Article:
McLean and Pontiff (2016)66 examined 82 published market anomalies and found that on average, they worked 35% less well post-publication. Ilmanen et al. (2019) re-examined the McLean and Pontiff data along with new pre-sample data and found that the anomalies on average decayed about as much in the pre-sample period as post-sample, suggesting that of the performance decay was attributable to overfitting, not arbitrage by sophisticated investors. They “acknowledge, however, that the power to detect arbitrage crowding into a factor and its effect on prices is challenging […]. For this reason, different tests and different samples may yield different inferences and hence may be why our conclusions differ from Mclean and Pontiff (2016)”.
My own take is that even though the post-sample decays did not statistically significantly differ from the pre-sample decays for any of the tested factors (with the exception of two), the factors did overall perform worse post-sample, which offers Bayesian evidence that arbitrage activity influenced returns (even if only weakly). ↩
Blitz (2017). Are Exchange-Traded Funds Harvesting Factor Premiums? ↩
Lettau, Ludvigson & Manoel (2018). Characteristics of Mutual Fund Portfolios: Where Are the Value Funds? ↩
Arnott, Harvey, Kalesnik, and Linnainmaa (2020). Reports of Value’s Death May Be Greatly Exaggerated. ↩
Technically, it identified three components, but these two are the relevant ones for our purposes. ↩
Blitz (2011). Strategic Allocation to Premiums in the Equity Market. ↩ ↩2 ↩3
Asness (2015). How Can a Strategy Everyone Knows About Still Work? ↩
I used the data series titled “Portfolios Formed on Book-to-Market” and “10 Portfolios Formed on Momentum”. ↩
I used the data series titled “Fama/French 3 Factors”, “Portfolios Formed on Book-to-Market”, and “10 Portfolios Formed on Momentum”. ↩
“Optimal” is defined as the allocation that maximizes the Sharpe ratio. ↩
DeMiguel, Garlappi, and Uppal (2007). Optimal Versus Naive Diversification: How Inefficient is the 1/N Portfolio Strategy? ↩
AQR has two different managed futures funds, the only major difference being that one targets relatively low volatility, and the other targets high vol. Here I linked the high-volatility fund because the expenses are lower on a vol-adjusted basis, and altruists probably prefer higher volatility. ↩
In a few papers, AQR defines “defensive” as betting against beta, e.g., Ilmanen et al. (2019).31 Presumably, this fund uses the same definition. The details of the betting-against-beta factor are specified by Frazzini and Pedersen (2013), Betting Against Beta. This is related to the low-volatility factor discussed by Berkin and Swedroe. ↩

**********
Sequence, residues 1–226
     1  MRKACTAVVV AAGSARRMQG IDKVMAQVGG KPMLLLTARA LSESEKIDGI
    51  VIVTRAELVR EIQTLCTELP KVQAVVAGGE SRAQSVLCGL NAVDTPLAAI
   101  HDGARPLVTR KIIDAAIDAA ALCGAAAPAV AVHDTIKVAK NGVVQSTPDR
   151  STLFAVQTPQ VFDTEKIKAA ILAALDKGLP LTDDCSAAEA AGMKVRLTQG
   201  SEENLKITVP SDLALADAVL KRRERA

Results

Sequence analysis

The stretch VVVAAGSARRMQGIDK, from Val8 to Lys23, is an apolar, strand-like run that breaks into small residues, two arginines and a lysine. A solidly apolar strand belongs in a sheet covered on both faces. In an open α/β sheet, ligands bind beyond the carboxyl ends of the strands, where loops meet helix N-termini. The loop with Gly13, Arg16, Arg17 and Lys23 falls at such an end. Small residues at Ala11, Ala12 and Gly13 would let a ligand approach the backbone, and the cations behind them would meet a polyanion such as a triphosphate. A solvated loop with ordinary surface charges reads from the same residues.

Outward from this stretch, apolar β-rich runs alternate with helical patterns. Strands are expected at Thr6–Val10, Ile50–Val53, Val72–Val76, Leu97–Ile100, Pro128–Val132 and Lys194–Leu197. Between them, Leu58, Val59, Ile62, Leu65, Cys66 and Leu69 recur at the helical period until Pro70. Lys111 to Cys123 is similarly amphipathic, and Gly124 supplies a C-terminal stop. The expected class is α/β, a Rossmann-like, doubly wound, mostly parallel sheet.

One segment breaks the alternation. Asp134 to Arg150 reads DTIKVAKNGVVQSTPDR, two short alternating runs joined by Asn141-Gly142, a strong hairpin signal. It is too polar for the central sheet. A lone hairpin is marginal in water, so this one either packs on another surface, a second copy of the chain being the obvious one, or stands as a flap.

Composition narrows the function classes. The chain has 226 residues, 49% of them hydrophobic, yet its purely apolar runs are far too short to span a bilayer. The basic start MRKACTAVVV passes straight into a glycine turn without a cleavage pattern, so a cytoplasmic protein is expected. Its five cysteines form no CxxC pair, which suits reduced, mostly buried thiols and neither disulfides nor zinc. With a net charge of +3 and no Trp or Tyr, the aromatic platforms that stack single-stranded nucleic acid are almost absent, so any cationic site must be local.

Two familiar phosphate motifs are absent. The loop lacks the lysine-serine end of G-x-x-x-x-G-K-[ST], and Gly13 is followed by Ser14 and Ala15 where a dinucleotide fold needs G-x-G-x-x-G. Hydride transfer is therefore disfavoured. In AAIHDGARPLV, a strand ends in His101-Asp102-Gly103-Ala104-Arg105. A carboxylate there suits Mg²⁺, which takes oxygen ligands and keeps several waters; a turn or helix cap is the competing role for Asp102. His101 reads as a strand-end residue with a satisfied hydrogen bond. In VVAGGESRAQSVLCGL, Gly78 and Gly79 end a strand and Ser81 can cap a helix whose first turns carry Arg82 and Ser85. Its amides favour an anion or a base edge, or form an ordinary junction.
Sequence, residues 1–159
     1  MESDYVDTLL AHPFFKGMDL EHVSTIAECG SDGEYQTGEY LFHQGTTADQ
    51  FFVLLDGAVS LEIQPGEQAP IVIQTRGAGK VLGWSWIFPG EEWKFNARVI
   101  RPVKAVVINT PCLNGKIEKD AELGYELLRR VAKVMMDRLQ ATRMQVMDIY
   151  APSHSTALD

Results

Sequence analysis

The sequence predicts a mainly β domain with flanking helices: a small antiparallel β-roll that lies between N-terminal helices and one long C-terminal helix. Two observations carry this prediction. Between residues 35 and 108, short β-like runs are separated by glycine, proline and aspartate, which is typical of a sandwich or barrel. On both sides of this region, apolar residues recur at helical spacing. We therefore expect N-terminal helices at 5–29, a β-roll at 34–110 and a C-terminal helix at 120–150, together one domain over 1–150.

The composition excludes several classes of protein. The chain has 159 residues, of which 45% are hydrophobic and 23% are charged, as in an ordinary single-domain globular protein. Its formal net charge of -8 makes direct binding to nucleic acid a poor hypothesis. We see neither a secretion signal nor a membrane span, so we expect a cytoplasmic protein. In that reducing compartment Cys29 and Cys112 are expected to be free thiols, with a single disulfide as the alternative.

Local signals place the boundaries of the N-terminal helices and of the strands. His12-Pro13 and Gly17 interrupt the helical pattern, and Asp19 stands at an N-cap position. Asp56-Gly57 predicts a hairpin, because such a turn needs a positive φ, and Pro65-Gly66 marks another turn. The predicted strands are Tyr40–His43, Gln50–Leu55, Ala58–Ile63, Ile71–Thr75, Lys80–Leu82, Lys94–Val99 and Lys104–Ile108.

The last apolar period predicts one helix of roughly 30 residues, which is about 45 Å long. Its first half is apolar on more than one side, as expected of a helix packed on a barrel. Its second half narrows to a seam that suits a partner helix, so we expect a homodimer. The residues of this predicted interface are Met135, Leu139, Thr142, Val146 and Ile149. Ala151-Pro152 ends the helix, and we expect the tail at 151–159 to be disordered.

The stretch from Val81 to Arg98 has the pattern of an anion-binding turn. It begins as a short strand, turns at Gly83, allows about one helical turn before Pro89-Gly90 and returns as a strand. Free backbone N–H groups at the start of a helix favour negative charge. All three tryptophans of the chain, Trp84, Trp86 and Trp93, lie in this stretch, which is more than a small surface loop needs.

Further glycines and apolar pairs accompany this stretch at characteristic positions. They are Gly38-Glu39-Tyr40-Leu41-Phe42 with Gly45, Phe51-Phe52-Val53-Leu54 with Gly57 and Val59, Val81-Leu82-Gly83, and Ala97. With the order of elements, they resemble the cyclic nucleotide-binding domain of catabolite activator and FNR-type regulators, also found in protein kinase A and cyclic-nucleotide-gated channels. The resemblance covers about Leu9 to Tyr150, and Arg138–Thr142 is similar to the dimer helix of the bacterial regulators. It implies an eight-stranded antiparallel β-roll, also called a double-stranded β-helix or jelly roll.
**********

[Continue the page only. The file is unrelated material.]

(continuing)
I originally read their book in 2016, and forgot most of its content. I identified these two AQR funds without any memory of what funds Berkin and Swedroe had recommended. Then, in the process of researching other parts of this essay, I re-read Berkin and Swedroe and saw that they recommended the two funds that I had already listed. ↩
Eric Crittenden – All-Weather Portfolios with Trend Following (S3E7). Flirting with Models podcast. 2020. Around 9:30. ↩
When this essay was originally published, I wrote that I invested in the AXS Chesapeake Strategy Fund. In February 2021, I moved my investment to KMLM, a new fund that launched shortly after I initially published this essay, primarily because (1) it charges lower fees on a vol-adjusted basis and (2) it’s an ETF instead of a mutual fund, which is more tax-efficient. There exist a few managed futures ETFs with lower fees, but I don’t invest in them because they have too little volatility. Investing in a cheap but low-vol fund means you need to use more leverage, so you end up paying more than if you had invested in the more expensive high-vol fund.
As of 2022, I invest in managed futures through a separately managed account instead of an ETF. But if I did use an ETF, I’d use KMLM. ↩
Coincidentally (or perhaps not so coincidentally), both Wesley Gray and Cliff Asness, co-founders of Alpha Architect and AQR respectively, got their PhDs under Eugene Fama—one of the most influential living figures in economics and widely described as the father of the efficient market hypothesis.
Does this prove that, to run a really good asset management firm, you have to study under Eugene Fama? ↩
Unfortunately, many (most?) investment advisors are kind of clueless, even about basic things like minimizing fees. So it’s important to find a good one. ↩
Actually, I do know of an investment like this: Renaissance Technologies’ Medallion Fund. Unfortunately, they won’t accept my money. ↩
Eric Crittenden – All-Weather Portfolios with Trend Following (S3E7). Flirting with Models podcast. 2020. Around 54:00. ↩
Not really, but it’s an okay approximation. ↩
Berkin (2020). Recessions and Factor Performance: What History Tells Us. ↩
McLean and Pontiff (2016). Does Academic Research Destroy Stock Return Predictability? ↩